An Opinionated Primer to Detroit
(As sent to the Glasgow-based artists - Sent back in 2014)
I've started a bibliography of interesting things to become immersed in that will give a MUCH better understanding of the city than any all encompassing documentary.
I would suggest checking out:
This interview about an arts crawl in Hamtramck (a city nestled inside of the city)
"Searching for Sugar Man" about Sixto Rodriguez
This Non-Fiction Book:
The Origins of the Urban Crisis: Race and Inequality in Postwar Detroit (Princeton Studies in American Politics)
This Fiction Book:
Middlesex by Jeffrey Eugenides
Detroit As Barnby CRYSTAL WILLIAMS
Gone the hay. Gone the tools. Gone the morning work.
Over there a tractor rusts. Gone the cows, goats,
the slack-tongued mule. Left are owls & rats, fat, wily cats,
& the field where wild weeds grow.
The farmer, they whisper driving past, knows everything
a body need know about dying. You can tell by how
he doesn’t bother to paint or prop the barn’s worn wood.
Still folks click their teeth & wonder on which day,
at what time, the pitiful barn will give. The farmer, too,
scratches his mighty, balding head.
He’s forgotten the good wood he used,
the hard nails, the friends & their strong backs,
that long-ago barn raising, that cider & fine punch.
This link leads to a good summation of Detroit's bankruptcy in case you were wondering:
Cedric’s answers to questions that nobody asked - 2014
1. Could you use one word to describe the city?
2. And what word represents the stereotype?
3. How do people talk about this place?
Glasgow: People are more often generalized for their personality (Glaswegians)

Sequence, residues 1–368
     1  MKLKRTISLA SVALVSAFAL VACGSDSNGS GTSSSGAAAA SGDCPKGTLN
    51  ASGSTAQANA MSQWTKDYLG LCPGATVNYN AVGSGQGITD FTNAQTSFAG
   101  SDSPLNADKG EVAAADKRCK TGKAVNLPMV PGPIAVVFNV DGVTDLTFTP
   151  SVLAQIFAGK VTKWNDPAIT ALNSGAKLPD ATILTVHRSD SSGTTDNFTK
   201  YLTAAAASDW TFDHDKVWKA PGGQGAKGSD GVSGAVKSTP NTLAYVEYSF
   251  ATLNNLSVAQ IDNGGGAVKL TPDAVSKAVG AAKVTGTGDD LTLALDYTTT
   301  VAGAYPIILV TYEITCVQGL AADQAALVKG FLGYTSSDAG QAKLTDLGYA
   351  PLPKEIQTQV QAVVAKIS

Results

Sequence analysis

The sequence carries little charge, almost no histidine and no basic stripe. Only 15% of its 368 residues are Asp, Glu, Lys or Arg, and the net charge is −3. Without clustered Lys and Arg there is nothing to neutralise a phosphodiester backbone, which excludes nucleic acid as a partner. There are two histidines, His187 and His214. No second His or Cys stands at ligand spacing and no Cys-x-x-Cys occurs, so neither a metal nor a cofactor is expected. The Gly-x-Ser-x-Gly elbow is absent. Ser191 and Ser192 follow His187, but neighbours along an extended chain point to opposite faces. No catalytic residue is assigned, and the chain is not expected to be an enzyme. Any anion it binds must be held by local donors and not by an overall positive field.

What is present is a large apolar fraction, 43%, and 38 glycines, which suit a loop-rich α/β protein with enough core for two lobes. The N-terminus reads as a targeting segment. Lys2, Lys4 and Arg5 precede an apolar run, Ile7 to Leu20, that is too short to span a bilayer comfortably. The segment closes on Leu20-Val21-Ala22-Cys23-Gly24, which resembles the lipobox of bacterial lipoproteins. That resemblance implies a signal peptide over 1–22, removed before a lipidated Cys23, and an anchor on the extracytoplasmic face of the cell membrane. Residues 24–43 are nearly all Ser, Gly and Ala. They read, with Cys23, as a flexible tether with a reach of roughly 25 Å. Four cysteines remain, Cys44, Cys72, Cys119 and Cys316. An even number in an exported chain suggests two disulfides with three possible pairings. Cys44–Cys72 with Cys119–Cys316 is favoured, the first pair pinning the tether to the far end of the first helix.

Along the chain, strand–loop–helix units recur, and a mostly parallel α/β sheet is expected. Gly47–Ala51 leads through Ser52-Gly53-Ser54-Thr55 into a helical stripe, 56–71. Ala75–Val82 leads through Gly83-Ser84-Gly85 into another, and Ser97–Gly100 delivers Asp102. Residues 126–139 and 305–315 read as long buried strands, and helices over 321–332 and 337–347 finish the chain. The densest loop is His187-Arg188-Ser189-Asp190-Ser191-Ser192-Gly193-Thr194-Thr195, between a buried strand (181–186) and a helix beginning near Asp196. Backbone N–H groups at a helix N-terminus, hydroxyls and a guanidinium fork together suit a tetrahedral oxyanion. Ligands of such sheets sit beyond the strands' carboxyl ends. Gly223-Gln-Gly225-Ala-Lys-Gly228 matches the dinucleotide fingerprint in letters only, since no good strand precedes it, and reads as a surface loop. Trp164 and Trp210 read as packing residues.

Detroit: The city is more often generalized as a place (The D)
4. What's one word that describes a difference from the other city?
5. How do people believe things get done the best?
Detroit: Don't rely on anyone else
6. What's the best aspect of the art scene?
Glasgow: People do in fact "work as if they live in the days of a better society" or at least their lives aren't taken over by part-time jobs.
Detroit : Outsider artists and the ability to be a hermit and just make art... or not.
7. What do some art specialists in that city do with their time when not making art?
Glasgow: Take on an archive project
Detroit : Buy a house under 3,000 dollars and put 30,000 dollars worth of work into. (and say good bye to any free time for about 5 years)
8. You're likely to hear:
Glasgow: Someone speaking another language, or talking about independence
Detroit: Someone honking at you if you're going to slow, or the sound of your own heartbeat when a car zooms past you a little too close for comfort.
9. What changed the most in the last three years?